FRANKFORT, Ky. (KT) - A report issued Thursday by the state budget director’s office shows a potential general fund revenue shortfall of $318.7 to $495.7 million for the 2020 fiscal year that ends June 30, due to conditions caused by the coronavirus.
In the Quarterly Economic and Revenue Report for the third quarter of fiscal year 2020, state Budget Director John T. Hicks said, “The revenue outlook has changed dramatically due to the COVID-19 pandemic. While General Fund revenue growth was 3.9 percent through the first three quarters of FY20, a large drop in revenues is projected in the fourth quarter. This would be the first annual General Fund decline since FY10.”
The general fund figures reflect a 3.8 to 4.7 percent revenue shortfall compared to the official estimate of $11. 4 billion. Fourth quarter General Fund receipts are estimated to range from 18.2 to 23.7 percent less than fourth quarter receipts in FY19.
The road fund revenue shortfall is projected to range from $116.4 to $194.6 million, reflecting a 7.5 to 12.5 percent revenue shortfall compared to the official estimate of $1,551.8 million. Fourth quarter Road Fund receipts are estimated to range from 36.8 to 55.2 percent less than the prior year.
According to the budget office, the projected downturn in revenues is remarkable in the overall magnitude, but equally so in the swiftness in which it will impact the General Fund and Road Fund.
General fund revenues in the first half of FY21 are expected to fall another 10.5 to 17.2 percent, and the budget office presents two scenarios, control and pessimistic.
In the control scenario, nearly all major accounts are expected to decline in the first two quarters of FY21. The two largest percentage declines are in the sales and use account, which is expected to fall 13.8 percent, and the business taxes, with an expected decline of 43.3 percent. The pessimistic scenario has deeper declines in these two accounts, but it also contains a projected loss of 18.6 percent in the individual income tax.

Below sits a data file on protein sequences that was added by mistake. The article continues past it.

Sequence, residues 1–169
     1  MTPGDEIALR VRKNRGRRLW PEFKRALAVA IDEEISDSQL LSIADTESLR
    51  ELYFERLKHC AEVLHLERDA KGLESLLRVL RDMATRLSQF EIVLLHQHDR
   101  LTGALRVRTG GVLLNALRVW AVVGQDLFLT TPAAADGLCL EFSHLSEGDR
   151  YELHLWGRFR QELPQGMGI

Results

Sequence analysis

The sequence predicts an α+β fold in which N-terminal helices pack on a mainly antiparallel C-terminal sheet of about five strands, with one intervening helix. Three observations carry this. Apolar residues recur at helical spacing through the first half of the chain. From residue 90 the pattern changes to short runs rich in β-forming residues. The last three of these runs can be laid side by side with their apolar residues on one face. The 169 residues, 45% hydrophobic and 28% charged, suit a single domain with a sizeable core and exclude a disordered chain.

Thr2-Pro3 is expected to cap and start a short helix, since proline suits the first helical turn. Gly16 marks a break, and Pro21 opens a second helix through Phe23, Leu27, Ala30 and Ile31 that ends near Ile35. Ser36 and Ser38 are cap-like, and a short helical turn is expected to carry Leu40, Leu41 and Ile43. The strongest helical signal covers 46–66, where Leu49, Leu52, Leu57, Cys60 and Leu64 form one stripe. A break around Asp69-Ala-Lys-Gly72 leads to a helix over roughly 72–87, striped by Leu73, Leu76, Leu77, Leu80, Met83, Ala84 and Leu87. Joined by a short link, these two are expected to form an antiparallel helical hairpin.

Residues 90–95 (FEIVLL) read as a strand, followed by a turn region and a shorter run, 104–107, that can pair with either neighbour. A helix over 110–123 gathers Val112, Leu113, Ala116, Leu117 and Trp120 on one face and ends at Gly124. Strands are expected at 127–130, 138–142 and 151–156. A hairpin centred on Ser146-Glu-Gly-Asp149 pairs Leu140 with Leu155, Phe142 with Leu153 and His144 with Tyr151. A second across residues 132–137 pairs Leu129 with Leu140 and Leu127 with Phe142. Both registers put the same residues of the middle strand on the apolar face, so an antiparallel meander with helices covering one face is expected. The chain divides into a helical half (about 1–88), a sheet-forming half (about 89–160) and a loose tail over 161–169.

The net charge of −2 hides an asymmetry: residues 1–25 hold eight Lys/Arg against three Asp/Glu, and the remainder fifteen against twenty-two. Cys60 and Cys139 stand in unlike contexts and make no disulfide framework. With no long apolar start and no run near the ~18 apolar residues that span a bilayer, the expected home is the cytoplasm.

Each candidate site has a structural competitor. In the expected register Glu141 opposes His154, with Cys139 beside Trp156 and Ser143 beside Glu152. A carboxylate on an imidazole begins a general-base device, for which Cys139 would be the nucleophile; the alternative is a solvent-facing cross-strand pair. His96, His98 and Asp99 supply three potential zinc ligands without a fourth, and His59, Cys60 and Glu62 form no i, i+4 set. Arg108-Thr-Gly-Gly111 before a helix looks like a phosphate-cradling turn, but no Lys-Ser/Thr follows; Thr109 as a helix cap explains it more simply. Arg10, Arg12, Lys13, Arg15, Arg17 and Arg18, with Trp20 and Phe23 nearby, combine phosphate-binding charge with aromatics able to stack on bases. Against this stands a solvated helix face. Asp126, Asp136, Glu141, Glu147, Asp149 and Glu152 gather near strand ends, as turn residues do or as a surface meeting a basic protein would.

According to the U.S. Labor Department, over 500,000 Kentuckians have filed for unemployment benefits in the past five weeks. To put that in perspective, roughly 25 percent of Kentucky’s workforce is currently without employment.
Real Gross Domestic Production (real GDP) rose by 0.7 percent in the third quarter of FY20. This is a significant reduction in growth compared to the last six quarters, where quarter-compared-to-same-quarter-last-year growth was over 2.1 percent per quarter. On an adjacent-quarter basis, real GDP fell by 0.9 percent compared to the second quarter.
Nationally, both the control and pessimistic forecasts assume a nine-month recession, starting in the third quarter of FY20. Additionally, the forecast assumes consumers are hesitant to bounce back to normal consumption patterns. Year-over-year GDP growth in the pessimistic scenario is anticipated to drop to 16.4 percent in the fourth quarter of FY20 and decline by 21.6 percent in the first and second quarters of FY21. By historical standards these rates of decline are quite severe.
The report states the economic outlook continues to look bleak. In comparison to the second quarter Quarterly Economic and Revenue Report published in January 2020, Kentucky employment and personal income projections have taken a turn for the worse due to the necessity to mitigate the spread of the COVID-19 virus through social distancing and the closure of many private businesses.
But Kentucky is not alone, as the report says all states are anticipating a particularly large disruption to growth over the forecast horizon. Even with the most up to date national variables factored in the outlook, a significant degree of uncertainty looms over Kentucky’s forecast horizon as economic outcomes will heavily depend on the rate of COVID-19 cases.
According to the U.S. Labor Department, over 500,000 Kentuckians have filed for unemployment benefits in the past five weeks. To put that in perspective, roughly 25 percent of Kentucky’s workforce is currently without employment. Unprecedented job loss, declining wages, and social distancing mandates are expected to cripple consumer spending and real disposable income in the short-term, which in turn will negatively influence the overall economic climate of the Commonwealth.